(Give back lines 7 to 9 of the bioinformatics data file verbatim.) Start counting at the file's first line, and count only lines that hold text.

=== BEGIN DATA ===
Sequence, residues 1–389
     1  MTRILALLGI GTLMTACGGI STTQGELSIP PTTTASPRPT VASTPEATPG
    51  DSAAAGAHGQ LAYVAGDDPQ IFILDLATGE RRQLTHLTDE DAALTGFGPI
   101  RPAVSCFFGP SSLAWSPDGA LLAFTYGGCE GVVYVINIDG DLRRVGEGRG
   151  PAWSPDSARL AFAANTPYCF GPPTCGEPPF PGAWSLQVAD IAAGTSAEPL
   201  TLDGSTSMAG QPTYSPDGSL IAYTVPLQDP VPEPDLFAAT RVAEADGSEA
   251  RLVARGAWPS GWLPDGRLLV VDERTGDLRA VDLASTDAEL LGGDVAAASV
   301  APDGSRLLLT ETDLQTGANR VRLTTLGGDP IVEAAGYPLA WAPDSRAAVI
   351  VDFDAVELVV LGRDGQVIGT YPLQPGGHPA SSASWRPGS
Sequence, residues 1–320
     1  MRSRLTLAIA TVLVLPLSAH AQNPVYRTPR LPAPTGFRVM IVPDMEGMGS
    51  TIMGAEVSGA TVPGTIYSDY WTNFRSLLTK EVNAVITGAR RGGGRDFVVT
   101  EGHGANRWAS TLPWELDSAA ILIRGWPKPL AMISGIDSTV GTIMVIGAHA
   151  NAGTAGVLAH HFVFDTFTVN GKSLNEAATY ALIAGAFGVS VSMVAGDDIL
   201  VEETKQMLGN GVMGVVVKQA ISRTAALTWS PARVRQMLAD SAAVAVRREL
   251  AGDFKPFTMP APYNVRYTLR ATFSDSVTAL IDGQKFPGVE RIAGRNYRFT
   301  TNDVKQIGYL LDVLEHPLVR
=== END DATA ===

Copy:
   251  RLVARGAWPS GWLPDGRLLV VDERTGDLRA VDLASTDAEL LGGDVAAASV
   301  APDGSRLLLT ETDLQTGANR VRLTTLGGDP IVEAAGYPLA WAPDSRAAVI
   351  VDFDAVELVV LGRDGQVIGT YPLQPGGHPA SSASWRPGS